Elias Barbee, the father of the Kentucky School for the Deaf

Historic Marker for Brig. Gen. Elias Barbee - Campbellsville, Ky.
On the courthouse lawn in Campbellsville is the historic marker to honor Brigadier General Elias Barbee. Barbee, a veteran of the Revolutionary War, also served as a state senator in Kentucky.

Roadside Historic Marker #1536 reads:
Born 1763. Died 1843. Served in Rev. War from Culpeper Co., Va. His five brothers, Daniel, John, Joshua, Thomas and William, also served in Revolution. Elias Barbee came early to what is now Taylor County. Lived eight miles N.W. of Campbellsville. He was appointed Major in 1792, Colonel in 1797, and Brig. General, in 1799, in Ky. Militia, 16th Regt., Green Co., Ky.

(Reverse) Brig. Gen. Elias Barbee - Represented Green Co. in Kentucky Senate. In 1822, Senator Barbee introduced a bill in the Senate calling for establishment of the present Kentucky School for the Deaf at Danville, Ky. Bill drawn up by Judge John Rowan, passed by Legislature and signed by Gov. Adair, establishing on April 10, 1823, first state-supported school for the deaf in the United States.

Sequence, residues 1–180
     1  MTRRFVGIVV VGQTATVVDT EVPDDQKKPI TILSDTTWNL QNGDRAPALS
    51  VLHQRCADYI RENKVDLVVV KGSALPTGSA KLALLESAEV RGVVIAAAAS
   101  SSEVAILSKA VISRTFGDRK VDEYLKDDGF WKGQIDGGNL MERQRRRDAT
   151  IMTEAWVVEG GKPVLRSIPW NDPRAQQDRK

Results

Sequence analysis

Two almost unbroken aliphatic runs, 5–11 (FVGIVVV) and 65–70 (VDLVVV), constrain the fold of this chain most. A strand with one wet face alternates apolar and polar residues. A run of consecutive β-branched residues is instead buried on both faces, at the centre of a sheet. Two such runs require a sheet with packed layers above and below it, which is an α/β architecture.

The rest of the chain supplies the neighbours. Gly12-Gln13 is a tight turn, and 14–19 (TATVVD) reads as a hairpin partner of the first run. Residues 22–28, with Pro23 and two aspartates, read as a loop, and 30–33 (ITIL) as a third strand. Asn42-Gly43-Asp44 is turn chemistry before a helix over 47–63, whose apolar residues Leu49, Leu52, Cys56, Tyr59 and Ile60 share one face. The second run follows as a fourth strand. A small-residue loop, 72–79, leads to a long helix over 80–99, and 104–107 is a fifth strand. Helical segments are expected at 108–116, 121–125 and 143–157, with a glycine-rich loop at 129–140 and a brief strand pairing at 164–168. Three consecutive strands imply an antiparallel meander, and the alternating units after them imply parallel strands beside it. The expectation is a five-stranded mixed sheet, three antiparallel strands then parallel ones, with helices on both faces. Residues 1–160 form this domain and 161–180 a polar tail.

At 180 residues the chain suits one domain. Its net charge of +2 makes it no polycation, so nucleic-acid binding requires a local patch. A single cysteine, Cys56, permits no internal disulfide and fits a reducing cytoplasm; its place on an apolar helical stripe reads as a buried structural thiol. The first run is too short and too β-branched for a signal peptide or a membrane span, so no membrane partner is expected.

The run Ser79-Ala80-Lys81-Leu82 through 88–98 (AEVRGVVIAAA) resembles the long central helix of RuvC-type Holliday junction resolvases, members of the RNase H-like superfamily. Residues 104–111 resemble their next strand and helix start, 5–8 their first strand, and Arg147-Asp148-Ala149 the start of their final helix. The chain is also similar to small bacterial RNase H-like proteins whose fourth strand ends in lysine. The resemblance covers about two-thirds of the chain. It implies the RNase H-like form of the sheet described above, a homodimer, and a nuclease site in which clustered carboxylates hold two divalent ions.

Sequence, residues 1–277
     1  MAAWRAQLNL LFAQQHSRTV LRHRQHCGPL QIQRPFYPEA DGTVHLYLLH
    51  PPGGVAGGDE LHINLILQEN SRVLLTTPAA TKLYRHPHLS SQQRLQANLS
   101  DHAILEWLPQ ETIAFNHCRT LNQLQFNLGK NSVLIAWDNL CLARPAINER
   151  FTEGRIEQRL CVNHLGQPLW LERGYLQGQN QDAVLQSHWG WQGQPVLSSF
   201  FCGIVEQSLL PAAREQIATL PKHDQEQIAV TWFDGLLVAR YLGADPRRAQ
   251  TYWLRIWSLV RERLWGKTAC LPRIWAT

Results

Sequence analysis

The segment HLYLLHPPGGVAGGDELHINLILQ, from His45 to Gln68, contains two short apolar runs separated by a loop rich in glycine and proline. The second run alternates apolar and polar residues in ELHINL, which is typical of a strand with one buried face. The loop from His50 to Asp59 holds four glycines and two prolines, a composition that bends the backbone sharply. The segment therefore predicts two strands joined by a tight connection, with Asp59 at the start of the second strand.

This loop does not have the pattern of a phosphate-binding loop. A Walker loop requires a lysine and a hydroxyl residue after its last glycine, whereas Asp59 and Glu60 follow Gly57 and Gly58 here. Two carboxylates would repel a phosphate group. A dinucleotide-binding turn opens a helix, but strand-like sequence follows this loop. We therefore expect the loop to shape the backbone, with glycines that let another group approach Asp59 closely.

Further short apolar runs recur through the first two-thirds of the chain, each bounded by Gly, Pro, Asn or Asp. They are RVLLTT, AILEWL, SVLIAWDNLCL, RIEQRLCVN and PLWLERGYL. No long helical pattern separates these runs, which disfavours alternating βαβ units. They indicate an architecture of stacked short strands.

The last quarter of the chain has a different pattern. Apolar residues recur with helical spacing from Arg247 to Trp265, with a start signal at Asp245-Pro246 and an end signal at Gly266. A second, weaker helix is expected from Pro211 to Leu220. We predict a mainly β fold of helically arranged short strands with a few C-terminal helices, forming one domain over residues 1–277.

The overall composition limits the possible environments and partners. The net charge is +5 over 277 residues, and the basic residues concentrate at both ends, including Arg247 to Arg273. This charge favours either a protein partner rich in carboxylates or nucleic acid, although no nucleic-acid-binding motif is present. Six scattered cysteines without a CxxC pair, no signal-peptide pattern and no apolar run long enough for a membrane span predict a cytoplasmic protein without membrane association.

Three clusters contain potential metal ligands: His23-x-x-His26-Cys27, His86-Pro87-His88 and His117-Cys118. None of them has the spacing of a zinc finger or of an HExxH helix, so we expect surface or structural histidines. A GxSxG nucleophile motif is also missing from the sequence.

The matter of aide to the deaf was of particular interest to then-Sen. Barbee as his own daughter was deaf. Barbee's attention put Kentucky in a leadership track nationally with regard to the hearing impaired as we became the first state to support and fund a school for the deaf.

Those in love with Kentucky's history will immediately recognize the name of the man who aided Barbee in drafting the legislation: John Rowan. Rowan's home, Federal Hill, is better known as My Old Kentucky Home.
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